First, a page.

For sure our success is a function of our ability to engage Canadians with arthritis and their loved ones. That’s the key. Most of our support financially from volunteers is a function of small individual donations on the fundraising side. We get very little government support. Most of our financial support comes from people who have a disease or their loved ones and to me, that’s a real sign of our relevance and reach. We’d like to matter to more Canadians and to more Canadians with arthritis. There are six million Canadians with arthritis. We’ve probably reached on an annual basis about one million of them. We want to be able to transform our business model so that we leveraged technology and online digital tools to exponentially expand our reach so we can engage with and be relevant to more and more Canadian.
Reaching a million Canadians, even on a target mark of six million is quite an accomplishment and doing that in a comprehensive way that the Arthritis Society does is really impressive. How do you keep that focus on the individual and the national organization? How do you drive that through your management team and through your team across the country?
A lot of hard work I would say is critical. One of the things that is important to understand is that over the last few years, we’ve transformed ourselves. When you talk about how efficient we are, that’s been a huge amount of the work. In real estate alone, we’ve saved almost $2 million annually by co-locating with other charities in cities right across the country by leaning up. The only way we have more resources to invest in mission is if we take costs out of fundraising and out of administration, so more money falls to the bottom line. We’ve been very disciplined in our thinking and have just had board approval of a five-year strategic plan called Accelerating Impact, which is making sure that we can matter more and mattered to more people. Our goal is to reach three million of the six million Canadian within a five year time.
The discipline around spending and the focus on mission is a challenge for every organization in the social profit sector. It often takes a great partnership with the board. How do you work with the board to get their expertise and keep their focus on managing the spend and raising the dollars you need?
I’m very fortunate. I have an incredibly supportive board who understands what I call the difference between eyes in and fingers out. They do not try and second guess management. They understand that their job is what I call three pillars: oversight, foresight and insight. Oversight is all of the financial oversight, making sure that we’re well-run and well-managed. Foresight and insight are more around the strategic input. Thinking about what’s coming, the foresight piece, providing insight based on their individual background skills and experience so that collectively we have the benefit of everything they have to bear both in our strategy, as well as in making sure they ask the tough questions around risk. Every time we make a presentation to them, we always challenge them to ask us, “What if you’re wrong? What if this doesn’t work out? How would you manage that risk?” and staying with us through the journey. We work hard to partner with the board in that collaborative way so that they’re very supportive even when things go wrong. Nothing goes right and necessarily the first time but you learn, you course correct and keep moving forward.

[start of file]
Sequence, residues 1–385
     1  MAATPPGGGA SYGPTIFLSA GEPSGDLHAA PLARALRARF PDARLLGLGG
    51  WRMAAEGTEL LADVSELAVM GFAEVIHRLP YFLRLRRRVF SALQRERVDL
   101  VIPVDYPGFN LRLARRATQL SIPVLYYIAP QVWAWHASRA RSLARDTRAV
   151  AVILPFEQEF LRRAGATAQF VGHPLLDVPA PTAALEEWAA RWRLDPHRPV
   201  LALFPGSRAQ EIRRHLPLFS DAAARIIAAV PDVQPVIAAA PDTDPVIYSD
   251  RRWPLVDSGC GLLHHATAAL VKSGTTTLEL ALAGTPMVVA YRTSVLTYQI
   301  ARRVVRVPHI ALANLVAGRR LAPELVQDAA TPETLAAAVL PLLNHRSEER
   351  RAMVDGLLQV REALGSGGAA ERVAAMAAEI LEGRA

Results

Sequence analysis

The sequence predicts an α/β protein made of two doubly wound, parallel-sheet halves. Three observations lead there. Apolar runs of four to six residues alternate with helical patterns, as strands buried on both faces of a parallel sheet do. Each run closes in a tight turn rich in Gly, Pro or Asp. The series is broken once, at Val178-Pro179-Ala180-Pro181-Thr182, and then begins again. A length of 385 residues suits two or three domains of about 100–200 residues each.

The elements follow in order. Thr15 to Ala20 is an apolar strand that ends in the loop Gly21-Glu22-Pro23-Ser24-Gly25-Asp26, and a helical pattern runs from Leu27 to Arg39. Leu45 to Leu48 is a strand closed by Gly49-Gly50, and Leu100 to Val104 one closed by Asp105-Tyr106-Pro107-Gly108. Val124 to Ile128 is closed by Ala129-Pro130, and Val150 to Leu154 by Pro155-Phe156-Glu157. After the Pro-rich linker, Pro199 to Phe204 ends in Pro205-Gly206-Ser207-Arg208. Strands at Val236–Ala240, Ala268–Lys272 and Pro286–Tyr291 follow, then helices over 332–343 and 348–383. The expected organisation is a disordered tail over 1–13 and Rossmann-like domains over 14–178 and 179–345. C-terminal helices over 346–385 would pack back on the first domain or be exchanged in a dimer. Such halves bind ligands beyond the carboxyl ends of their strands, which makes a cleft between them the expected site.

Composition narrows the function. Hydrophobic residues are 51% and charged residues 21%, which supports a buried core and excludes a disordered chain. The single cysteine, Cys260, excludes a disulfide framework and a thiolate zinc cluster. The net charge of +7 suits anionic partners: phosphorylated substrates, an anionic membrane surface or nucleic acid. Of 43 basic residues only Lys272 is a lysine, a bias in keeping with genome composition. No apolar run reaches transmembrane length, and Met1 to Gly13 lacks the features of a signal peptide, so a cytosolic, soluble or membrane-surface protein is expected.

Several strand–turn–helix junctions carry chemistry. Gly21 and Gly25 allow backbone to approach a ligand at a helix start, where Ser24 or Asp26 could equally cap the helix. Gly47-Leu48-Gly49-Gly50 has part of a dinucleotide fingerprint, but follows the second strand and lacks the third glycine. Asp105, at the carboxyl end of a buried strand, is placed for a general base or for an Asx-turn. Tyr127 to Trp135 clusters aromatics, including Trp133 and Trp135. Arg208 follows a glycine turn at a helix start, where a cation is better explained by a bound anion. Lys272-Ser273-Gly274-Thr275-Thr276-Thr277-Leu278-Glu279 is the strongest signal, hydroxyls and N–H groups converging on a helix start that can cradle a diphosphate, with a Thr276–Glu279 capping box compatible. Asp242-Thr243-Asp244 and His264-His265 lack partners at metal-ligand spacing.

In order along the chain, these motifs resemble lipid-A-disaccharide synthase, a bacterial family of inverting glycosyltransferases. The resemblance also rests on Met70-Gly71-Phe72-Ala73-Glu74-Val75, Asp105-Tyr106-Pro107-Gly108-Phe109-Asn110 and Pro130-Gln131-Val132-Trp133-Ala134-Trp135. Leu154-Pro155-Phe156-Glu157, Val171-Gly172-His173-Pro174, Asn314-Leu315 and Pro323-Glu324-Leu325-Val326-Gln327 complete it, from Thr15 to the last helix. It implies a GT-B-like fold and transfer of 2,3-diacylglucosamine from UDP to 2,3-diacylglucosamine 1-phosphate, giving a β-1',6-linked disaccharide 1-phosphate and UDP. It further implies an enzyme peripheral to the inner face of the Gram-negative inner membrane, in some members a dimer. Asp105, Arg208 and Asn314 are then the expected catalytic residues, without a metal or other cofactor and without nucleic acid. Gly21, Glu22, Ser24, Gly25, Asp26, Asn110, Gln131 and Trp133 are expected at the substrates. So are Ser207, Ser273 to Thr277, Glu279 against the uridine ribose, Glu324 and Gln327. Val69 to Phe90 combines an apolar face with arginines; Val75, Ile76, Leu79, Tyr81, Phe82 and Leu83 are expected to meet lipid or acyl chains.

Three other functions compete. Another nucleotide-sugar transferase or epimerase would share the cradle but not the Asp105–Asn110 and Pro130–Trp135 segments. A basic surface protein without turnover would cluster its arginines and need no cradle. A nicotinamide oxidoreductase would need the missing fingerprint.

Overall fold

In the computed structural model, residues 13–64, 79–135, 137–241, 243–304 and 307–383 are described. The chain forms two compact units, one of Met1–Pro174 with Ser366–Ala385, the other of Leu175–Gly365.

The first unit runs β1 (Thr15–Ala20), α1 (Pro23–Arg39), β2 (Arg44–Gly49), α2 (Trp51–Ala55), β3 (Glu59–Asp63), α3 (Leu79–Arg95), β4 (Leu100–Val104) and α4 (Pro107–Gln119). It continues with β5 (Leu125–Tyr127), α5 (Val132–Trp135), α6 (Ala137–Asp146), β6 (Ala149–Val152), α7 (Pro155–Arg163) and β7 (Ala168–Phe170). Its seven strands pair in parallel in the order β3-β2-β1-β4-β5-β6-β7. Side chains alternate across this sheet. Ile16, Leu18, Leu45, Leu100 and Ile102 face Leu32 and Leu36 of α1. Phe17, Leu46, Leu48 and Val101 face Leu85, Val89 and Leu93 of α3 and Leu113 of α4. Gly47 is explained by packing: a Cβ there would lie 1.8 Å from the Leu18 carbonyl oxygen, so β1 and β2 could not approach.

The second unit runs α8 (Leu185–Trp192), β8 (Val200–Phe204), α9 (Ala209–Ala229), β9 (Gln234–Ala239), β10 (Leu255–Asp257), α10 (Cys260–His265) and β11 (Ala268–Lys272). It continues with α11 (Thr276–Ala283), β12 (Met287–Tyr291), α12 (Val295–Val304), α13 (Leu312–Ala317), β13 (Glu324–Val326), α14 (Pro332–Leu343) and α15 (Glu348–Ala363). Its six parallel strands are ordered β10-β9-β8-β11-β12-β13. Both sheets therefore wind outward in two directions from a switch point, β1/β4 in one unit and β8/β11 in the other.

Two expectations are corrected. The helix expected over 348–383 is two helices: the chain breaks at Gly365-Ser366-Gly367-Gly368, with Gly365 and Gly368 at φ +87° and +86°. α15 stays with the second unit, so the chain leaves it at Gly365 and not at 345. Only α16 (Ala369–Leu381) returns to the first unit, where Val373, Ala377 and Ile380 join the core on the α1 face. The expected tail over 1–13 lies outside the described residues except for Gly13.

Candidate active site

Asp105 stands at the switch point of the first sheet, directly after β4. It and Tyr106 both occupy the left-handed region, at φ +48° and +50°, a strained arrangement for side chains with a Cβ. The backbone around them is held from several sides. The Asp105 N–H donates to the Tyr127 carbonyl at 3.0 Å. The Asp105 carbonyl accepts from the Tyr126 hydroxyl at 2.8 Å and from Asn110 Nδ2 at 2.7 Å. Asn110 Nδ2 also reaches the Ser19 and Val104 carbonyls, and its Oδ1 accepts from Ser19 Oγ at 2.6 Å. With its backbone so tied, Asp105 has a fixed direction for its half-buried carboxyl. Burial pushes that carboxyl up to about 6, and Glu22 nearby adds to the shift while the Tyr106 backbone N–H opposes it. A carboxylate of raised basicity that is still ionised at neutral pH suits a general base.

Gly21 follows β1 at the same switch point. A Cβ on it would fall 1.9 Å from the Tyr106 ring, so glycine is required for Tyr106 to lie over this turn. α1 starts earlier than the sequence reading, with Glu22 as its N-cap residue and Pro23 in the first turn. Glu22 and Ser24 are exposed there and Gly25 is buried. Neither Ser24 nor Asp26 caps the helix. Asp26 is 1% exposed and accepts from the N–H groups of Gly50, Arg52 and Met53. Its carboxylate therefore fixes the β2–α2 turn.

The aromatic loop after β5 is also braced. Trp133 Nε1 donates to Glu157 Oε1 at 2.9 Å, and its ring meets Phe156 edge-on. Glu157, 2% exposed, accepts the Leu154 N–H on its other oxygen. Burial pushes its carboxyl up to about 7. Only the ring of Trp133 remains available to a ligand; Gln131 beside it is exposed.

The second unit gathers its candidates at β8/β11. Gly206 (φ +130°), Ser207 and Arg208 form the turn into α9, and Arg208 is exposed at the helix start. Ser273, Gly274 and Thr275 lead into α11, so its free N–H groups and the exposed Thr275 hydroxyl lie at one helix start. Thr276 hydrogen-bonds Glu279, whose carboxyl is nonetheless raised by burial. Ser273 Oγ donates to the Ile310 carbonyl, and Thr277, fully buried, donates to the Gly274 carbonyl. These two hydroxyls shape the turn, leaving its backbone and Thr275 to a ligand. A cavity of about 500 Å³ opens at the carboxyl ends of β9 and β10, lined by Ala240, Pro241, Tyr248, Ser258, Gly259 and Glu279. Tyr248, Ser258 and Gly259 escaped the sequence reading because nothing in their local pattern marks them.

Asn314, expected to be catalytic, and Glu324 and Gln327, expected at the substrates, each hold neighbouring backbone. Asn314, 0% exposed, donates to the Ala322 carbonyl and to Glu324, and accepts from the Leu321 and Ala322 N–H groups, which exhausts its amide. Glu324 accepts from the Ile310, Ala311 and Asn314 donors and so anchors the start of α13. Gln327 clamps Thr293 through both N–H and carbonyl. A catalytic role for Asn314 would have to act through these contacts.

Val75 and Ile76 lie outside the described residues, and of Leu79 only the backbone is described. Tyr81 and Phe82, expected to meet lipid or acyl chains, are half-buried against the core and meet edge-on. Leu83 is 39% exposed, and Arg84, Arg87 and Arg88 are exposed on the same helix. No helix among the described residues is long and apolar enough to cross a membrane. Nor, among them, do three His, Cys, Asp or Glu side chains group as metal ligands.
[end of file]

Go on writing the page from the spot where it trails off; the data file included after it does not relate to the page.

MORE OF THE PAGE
There’s a lot there that was helpful. I want to dig into something a little bit more technical. One of the challenges that we see in the sector a lot is you’ve got these incredibly successful, very engaged boards that agree to serve as board members. You get them around the table and then management teams talk at them for a few hours and then they go away until the next meeting. You don’t capture that wisdom and that expertise. How do you continue to challenge them to give you that expertise, to bring their best business minds to your board table?
I would say two key things. One is we’ve created a bit of what I would call a cycle of governance. We have four board meetings a year starting with the approval of our business plan and budget in April to March fiscal year. June is our AGM when we review the performance, objectives for the year and set are Key Performance Indicators and targets. September is when we think about how we’re doing in mission and spend a lot of time thinking and discussing our mission priorities. November is when we then take the mission aspirations and balance it against what we think is likely from a revenue perspective and start to think about what that means for the next fiscal year.